Getting one's bearings in public buildings is not easy. We have to navigate across numerous corridors and stairs. People swarm back and forth. We also need to be careful on steps, with doors that are difficult to open, and to avoid obstacles or temporarily inaccessible areas. Sometimes an elevator is broken and thus a familiar way is blocked. However, we take a look at signs or a map of the building and at our surroundings. That way we find the hints that lead us to our destination. But what do we do if we cannot see all this?
Then we are going to put on headphones!
With help from two blind students and in cooperation with Leipzig University, appPlant is developing a voice-controlled application for indoor-navigation with mobile devices. This app functions sensor-based, thus independent of the internet or GPS, and operates on daily updated layouts of public buildings.
This is how it is going to work: If you enter the university using the application, it will recognize the lecture building and upload a map of possible paths effective on this particular day.
There is going to be a continuous transition between navigation outdoors and indoors.
The app will calculate ways depending on which entrances are closed, which elevators are defective or where a scaffold is erected: Every detail important for blind people to be able to orient themselves inside the building is going to be taken into account. The app will lead its user by gentle voice output to the lecture hall he or she seeks. It will find the path to the next exit. It will describe the way to the work station designed for vision impaired people in the seminar room.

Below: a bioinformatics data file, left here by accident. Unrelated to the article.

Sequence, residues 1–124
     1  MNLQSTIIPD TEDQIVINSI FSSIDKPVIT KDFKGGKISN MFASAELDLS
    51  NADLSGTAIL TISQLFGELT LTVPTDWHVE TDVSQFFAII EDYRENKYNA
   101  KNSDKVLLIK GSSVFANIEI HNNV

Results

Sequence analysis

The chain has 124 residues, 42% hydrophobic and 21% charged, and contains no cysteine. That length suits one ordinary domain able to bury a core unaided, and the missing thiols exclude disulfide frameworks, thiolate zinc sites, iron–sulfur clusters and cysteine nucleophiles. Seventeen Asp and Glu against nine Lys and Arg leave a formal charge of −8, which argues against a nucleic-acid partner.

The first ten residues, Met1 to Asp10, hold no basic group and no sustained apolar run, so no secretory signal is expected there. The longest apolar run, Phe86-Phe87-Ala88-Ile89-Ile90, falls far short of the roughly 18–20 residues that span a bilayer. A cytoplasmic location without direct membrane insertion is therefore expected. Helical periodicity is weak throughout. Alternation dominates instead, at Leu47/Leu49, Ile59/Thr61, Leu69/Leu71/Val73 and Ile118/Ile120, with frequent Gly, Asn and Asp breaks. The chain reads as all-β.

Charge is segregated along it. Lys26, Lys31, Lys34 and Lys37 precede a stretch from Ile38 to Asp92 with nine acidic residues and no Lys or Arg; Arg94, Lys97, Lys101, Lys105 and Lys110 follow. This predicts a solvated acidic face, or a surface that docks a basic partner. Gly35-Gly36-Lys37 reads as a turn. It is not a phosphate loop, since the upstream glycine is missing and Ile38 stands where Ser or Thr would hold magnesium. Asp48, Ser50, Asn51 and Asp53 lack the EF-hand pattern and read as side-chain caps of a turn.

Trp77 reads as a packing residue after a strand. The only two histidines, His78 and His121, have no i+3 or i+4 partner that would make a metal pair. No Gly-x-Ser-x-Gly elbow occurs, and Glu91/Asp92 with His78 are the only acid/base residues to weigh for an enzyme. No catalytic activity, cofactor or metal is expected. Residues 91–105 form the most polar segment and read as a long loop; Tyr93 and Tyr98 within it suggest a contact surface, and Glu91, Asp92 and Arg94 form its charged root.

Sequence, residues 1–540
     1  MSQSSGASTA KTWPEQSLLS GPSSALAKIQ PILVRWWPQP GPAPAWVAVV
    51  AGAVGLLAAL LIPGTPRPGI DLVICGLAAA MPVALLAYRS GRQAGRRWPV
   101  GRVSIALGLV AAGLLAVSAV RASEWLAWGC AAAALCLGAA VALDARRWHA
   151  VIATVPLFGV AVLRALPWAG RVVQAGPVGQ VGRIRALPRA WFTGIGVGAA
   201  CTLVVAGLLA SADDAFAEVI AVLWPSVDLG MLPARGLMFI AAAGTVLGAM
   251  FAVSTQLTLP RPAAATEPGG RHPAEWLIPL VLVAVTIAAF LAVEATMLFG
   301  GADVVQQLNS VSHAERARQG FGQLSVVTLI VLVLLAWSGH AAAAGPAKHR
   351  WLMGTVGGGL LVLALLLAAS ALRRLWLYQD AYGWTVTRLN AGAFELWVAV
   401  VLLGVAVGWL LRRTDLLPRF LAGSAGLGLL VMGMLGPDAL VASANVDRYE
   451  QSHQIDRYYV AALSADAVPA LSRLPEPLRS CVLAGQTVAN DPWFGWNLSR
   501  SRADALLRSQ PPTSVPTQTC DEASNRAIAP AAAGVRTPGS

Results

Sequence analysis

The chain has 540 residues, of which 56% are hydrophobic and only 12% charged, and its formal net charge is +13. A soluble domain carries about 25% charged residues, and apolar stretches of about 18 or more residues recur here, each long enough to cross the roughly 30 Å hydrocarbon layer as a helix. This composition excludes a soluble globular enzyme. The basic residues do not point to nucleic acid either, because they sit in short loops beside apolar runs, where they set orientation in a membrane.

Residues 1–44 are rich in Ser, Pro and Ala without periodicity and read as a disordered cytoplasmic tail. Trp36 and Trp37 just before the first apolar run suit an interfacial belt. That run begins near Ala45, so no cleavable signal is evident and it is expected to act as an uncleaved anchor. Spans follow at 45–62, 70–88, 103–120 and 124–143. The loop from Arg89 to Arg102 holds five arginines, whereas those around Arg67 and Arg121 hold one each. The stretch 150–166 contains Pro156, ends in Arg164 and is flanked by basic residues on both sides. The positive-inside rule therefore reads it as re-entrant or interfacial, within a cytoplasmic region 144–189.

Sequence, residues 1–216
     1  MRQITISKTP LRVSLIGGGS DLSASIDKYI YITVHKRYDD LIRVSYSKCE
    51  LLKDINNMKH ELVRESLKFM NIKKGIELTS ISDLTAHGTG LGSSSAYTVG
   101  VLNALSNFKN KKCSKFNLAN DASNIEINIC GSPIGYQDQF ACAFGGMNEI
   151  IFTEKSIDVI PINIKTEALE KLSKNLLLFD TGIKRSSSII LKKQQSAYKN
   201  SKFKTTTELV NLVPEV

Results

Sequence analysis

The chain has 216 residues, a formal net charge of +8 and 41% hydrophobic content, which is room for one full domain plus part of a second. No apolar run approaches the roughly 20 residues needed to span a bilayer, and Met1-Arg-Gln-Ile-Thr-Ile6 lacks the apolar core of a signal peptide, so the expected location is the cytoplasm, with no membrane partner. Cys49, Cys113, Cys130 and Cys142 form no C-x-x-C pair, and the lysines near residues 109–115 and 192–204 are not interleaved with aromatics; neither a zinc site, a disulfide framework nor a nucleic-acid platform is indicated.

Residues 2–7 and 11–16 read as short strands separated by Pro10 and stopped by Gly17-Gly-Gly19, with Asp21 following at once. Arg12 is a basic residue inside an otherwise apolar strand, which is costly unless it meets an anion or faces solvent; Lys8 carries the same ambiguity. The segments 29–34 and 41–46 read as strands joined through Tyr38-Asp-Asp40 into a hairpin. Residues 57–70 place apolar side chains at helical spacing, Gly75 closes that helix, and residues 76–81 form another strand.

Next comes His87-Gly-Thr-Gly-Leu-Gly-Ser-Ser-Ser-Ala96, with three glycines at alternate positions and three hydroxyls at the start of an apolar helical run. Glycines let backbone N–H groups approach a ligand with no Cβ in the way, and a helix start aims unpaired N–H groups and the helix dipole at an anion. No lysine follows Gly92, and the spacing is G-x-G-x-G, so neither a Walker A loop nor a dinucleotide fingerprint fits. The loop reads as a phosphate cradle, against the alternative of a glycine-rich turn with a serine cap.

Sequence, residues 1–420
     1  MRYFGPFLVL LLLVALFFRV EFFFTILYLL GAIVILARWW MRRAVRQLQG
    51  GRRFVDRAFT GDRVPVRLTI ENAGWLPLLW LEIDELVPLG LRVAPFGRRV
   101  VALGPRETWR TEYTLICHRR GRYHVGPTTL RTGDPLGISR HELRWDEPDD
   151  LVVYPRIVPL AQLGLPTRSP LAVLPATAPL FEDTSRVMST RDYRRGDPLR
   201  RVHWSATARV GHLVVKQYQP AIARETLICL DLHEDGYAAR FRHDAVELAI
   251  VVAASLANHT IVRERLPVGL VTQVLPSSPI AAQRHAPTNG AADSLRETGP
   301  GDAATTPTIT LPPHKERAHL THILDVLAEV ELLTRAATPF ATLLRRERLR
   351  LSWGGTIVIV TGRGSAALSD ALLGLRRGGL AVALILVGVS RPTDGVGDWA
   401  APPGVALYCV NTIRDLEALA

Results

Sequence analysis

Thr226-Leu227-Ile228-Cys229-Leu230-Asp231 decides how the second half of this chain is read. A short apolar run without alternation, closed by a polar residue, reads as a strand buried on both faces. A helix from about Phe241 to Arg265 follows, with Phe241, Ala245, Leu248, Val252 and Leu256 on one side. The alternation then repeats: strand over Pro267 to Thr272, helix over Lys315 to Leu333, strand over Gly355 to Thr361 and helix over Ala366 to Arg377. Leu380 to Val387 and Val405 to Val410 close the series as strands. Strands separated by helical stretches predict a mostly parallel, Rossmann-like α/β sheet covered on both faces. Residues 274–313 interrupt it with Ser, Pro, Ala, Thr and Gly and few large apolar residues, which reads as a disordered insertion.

If respective data has been entered in advance, the app will also include special requirements regarding the individual user in its calculations, for example whether it is utilized by a person with a guide-dog or by someone who is using a cane.
And if you feel lost at one point, the app will describe your current environment.
This pathfinder for blind people will be applicable in every public building that participates and provides the necessary infrastructure. Operators are going to be able to update the building’s layout and input current information via the app’s back end.
That way, public organizations will facilitate inclusion of vision impaired citizens and improve on meeting the requirements for accessibility defined by the United Nations Agreements on Human Rights in 2008.